– nvoigt
    Commented Jun 20, 2023 at 13:10
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    Last time I cough empirically tested cough this, the fine was 35€, I am sure it's higher now. With everyone having mandatory insurance anyway, calling the police and filing a report is only done with some real damage, in case the fault is disputed, or as you already said, if a rental agreement forces one participant to do so.
    – nvoigt
    Commented Jun 20, 2023 at 13:11
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    @nvoigt There are usually two parties to an accident. I've been the aggrieved party recently (my car was totalled) and requested that the police make a report. Obviously, I was not fined, the other party was. They admitted that they ignored a stop sign. I don't believe "having an accident" is a traffic violation. The cause of the accident is the violation. Of course, the cause might just be a violation of StVO §1.
    – Roland
    Commented Jun 20, 2023 at 14:12
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    @nvoigt: In Austria, §99(6)a StVO explicitly states that a traffic accident with only property damage is not to be fined. Instead, there is an explicitly fee of € 36 ("Blaulichtsteuer") for calling the police to document a traffic accident without damage to persons (with some exceptions). It's a fee, not a fine, but the idea behind it is the same (discourage people from calling the police when they are not required).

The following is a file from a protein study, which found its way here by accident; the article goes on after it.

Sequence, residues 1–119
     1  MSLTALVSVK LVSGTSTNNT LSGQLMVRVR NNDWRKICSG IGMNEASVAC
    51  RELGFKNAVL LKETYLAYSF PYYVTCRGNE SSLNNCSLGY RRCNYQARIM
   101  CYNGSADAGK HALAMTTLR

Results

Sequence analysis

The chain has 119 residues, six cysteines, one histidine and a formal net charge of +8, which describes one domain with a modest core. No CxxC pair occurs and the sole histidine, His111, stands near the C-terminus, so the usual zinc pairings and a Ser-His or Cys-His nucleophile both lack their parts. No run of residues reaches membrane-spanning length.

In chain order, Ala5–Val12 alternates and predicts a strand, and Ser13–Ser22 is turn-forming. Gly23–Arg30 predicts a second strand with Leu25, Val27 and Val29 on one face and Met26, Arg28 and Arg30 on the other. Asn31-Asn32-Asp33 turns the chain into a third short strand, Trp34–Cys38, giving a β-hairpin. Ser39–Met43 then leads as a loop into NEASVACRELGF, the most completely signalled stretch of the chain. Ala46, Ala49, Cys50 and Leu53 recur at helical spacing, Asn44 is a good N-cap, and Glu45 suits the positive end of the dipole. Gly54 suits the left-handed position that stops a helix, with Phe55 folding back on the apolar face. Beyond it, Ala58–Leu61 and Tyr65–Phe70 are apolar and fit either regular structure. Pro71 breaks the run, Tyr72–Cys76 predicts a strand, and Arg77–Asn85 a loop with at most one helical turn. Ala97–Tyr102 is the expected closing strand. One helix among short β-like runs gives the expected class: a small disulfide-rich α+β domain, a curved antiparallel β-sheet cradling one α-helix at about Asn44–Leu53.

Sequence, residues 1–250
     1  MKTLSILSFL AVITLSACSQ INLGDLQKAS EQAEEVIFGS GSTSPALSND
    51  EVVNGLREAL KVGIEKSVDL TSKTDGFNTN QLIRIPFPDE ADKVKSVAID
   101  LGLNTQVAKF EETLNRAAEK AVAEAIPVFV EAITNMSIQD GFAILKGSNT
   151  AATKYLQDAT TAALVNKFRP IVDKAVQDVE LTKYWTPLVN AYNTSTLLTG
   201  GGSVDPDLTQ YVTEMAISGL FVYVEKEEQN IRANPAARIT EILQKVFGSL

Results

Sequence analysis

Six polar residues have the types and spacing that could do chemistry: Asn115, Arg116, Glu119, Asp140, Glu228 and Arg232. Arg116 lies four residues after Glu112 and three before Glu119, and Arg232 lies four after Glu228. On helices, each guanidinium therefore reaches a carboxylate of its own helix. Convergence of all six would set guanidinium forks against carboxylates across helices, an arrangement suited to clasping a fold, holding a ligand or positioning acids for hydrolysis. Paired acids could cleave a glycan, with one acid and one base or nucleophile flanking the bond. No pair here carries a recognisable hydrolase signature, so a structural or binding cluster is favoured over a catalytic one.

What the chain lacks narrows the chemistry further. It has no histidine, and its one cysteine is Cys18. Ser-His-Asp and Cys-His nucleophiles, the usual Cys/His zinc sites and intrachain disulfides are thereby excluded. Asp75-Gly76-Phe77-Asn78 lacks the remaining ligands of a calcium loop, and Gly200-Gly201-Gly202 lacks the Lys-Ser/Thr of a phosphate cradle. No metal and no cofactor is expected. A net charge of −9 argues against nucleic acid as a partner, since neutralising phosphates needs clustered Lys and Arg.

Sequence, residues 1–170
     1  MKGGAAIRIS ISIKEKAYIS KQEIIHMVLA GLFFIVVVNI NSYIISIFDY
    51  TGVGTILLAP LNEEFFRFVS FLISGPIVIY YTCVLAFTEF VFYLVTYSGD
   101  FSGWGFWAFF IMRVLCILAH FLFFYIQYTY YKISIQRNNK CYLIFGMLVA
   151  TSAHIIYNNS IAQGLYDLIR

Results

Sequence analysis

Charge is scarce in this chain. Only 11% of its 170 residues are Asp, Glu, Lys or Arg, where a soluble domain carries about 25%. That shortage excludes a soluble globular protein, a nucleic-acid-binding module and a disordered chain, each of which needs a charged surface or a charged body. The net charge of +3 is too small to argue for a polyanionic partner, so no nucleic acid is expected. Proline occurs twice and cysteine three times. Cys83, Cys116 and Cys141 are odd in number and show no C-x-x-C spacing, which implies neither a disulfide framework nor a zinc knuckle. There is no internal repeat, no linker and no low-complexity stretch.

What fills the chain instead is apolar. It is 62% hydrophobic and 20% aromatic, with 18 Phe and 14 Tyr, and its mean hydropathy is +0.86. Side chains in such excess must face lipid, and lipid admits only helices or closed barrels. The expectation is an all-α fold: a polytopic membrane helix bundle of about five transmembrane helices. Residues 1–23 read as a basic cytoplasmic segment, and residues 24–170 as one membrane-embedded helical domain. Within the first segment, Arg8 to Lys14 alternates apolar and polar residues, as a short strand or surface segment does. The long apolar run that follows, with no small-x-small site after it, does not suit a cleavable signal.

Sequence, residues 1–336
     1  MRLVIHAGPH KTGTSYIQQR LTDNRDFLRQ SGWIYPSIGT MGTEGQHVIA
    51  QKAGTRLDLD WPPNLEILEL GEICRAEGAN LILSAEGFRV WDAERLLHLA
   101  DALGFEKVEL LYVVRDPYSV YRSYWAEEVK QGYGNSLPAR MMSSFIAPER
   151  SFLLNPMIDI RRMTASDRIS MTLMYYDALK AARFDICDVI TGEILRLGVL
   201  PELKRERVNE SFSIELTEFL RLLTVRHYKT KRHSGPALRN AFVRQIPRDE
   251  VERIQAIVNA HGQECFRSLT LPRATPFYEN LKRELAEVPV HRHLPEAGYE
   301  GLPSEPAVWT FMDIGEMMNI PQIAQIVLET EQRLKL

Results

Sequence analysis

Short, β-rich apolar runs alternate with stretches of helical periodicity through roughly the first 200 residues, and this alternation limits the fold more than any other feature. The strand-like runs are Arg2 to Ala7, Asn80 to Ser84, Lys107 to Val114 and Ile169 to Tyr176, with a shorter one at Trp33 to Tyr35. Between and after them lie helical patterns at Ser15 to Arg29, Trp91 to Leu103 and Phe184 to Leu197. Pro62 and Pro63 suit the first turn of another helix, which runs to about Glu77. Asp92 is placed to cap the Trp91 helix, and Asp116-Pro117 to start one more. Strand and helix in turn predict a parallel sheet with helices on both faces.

– Heinzi
    Commented Jun 20, 2023 at 18:13
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    @nvoigt Can you provide any documentation for the notion that having an accident is a traffic violation? There are many traffic accidents which do not involve any action that independently constitutes a traffic violation (an overhanging tree branch falling on your car and breaking your windshield, a wheel coming off, losing control due to black ice, hitting a nail and blowing out a tyre, etc.), and I find it very hard to believe that the actual ‘act’ of having accident would in itself be considered a violation anywhere, just like falling off your bike is not considered a violation. Commented Jun 21, 2023 at 9:49

This is the law in .

California Vehicle Code Section 20002(a):

The driver of any vehicle involved in an accident resulting only in damage to any property, including vehicles, shall immediately stop the vehicle at the nearest location that will not impede traffic or otherwise jeopardize the safety of other motorists. Moving the vehicle in accordance with this subdivision does not affect the question of fault.

Failure to do so is a misdemeanor, punishable by a fine of up to $1000 or up to six months in jail, or both. The vehicle could also be towed and impounded, see the DMV website: